Relative to other Central Asian states, Kyrgyzstan has a fairly free and perennially noisy domestic media scene. Even so, Kyrgyz outlets tend to be no match for Russian state-controlled media when it comes to establishing narratives for current events.
As foreign forces withdraw slowly from Afghanistan, they leave behind a vulnerable band of people who were their ears and guides on the ground. These people who served as interpreters, face a life of threats and uncertainties. Many have been killed.
The growing tension between the United States and Russia over Ukraine has threatened to unravel one of the primary peace initiatives of the United Nations: nuclear disarmament.
As he embarks Tuesday on a major trip through East Asia, U.S. President Barack Obama will be focused on reassuring anxious – albeit sometimes annoying – allies that Washington remains determined to deepen its commitment to the region.
Azerbaijan appears to be joining in Turkish Prime Minister Recep Tayyip Erdoğan’s campaign against a religious movement led by U.S.-based Islamic cleric Fethullah Gülen.
A European ‘energy union’ plan proposed by Polish Prime Minister Donald Tusk as an EU response to the crisis in Ukraine could be a Trojan horse for fossil fuels.
The Uruguayan government has made a controversial move to regulate the production and sale of cannabis. The government believes that this will help in the fight against drug-related crime and in dealing with public health issues.
The Millennium Development Goals deadline of 2015 is fast approaching, but according to the International Fund for Agricultural Development (IFAD), poverty still afflicts one in seven people — and one in eight still goes to bed hungry.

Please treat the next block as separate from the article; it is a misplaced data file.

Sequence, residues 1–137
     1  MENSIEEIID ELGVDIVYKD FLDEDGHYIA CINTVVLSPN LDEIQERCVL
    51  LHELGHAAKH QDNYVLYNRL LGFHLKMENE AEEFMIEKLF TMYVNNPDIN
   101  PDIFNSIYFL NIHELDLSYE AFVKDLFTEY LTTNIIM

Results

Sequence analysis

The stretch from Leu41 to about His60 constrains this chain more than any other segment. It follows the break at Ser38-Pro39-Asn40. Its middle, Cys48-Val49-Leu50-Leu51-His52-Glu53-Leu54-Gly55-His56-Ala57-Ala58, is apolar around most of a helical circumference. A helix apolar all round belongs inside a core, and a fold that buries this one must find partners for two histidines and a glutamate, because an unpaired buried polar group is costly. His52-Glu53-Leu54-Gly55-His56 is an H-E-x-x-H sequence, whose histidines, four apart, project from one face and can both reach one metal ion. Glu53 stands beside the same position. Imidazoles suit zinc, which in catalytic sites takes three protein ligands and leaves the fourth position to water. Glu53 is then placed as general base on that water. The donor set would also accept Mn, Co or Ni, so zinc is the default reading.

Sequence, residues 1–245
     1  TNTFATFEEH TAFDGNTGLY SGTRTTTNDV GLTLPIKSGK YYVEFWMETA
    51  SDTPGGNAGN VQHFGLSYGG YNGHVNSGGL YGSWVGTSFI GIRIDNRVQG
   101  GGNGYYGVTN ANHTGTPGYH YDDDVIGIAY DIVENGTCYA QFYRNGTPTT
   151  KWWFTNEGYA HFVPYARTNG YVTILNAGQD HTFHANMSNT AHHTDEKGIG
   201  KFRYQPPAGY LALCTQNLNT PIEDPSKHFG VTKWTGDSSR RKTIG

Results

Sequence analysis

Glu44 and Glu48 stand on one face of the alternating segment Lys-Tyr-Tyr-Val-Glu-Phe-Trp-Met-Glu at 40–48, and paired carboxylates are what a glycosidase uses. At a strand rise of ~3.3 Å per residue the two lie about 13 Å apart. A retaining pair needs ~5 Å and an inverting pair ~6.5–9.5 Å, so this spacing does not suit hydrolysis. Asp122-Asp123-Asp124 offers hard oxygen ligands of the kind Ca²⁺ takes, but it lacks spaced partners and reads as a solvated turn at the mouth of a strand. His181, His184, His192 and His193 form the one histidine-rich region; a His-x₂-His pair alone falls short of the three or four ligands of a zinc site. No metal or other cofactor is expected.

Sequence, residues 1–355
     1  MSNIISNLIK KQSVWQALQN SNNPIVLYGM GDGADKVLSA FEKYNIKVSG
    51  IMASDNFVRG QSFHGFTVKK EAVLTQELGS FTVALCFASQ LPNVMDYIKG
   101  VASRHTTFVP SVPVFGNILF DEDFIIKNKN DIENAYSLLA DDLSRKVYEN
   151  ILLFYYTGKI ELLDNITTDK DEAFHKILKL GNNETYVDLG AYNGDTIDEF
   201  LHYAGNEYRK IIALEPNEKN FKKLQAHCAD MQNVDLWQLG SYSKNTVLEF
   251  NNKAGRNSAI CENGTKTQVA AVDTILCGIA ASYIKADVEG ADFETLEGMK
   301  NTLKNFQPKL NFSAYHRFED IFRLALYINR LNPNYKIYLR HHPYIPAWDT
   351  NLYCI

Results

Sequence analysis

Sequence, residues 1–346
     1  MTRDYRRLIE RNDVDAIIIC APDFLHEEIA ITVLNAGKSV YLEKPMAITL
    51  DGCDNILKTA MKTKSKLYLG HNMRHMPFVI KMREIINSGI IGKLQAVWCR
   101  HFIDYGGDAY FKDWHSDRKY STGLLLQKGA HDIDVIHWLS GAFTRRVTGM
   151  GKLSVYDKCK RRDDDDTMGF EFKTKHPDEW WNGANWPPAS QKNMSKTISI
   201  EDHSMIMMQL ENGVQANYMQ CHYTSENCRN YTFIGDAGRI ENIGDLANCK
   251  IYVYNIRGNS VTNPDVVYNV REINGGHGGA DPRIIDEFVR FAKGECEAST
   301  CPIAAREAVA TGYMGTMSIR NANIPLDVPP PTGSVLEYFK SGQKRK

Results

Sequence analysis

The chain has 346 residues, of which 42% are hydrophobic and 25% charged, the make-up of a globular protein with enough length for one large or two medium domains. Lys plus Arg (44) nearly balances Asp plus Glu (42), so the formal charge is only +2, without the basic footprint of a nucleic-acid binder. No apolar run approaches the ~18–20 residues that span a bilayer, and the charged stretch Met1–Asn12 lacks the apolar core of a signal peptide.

As local authorities prepare to put an end to opioid substitution treatment (OST) programmes in the newly annexed Crimean peninsula, drug users there say they are being forced to choose between a return to addiction and becoming refugees.
"I’m going for a swim," says Pelle Bendz, a 52-year-old Swede, as he rummages in the jeep for his bathing trunks. The other tourists look at him, bewildered. What’s left of the Aral Sea is reputed to be a toxic stew, contaminated by pesticides and other chemicals.
On a hillside in northeastern Kazakhstan, south of the Russian border, a simple and stark slogan looms over the city of Oskemen: “Kazakhstan,” reads the message in giant white letters arrayed across the green slope.
Posters with the words “Do you know who caught your seafood?” are now appearing on buses, trains and other venues in Boston. They are part of a campaign organised by a coalition of U.S. environmental groups called Whales Need Us, to draw attention to the links between Icelandic whalers and fish sold in the U.S.
“I don’t want them to grow up with the notion that they’re poor,” says Catalina González, referring to her two young sons. The family has been living in an apartment rent-free since December in exchange for fixing it up, in the southern Spanish city of Málaga.
The Crimea crisis is putting pressure on Kazakhstan’s long-standing, multi-vectored foreign policy, which has sought to balance the competing interests of Russia, China and the United States in Central Asia.
Two out of three doctors in Italy are ‘conscientious objectors’ to abortion, according to new data. The Italian Ministry of Health reveals that in 2011, 69.3 percent of doctors refused to carry out abortions, with peaks of over 85 percent in some regions.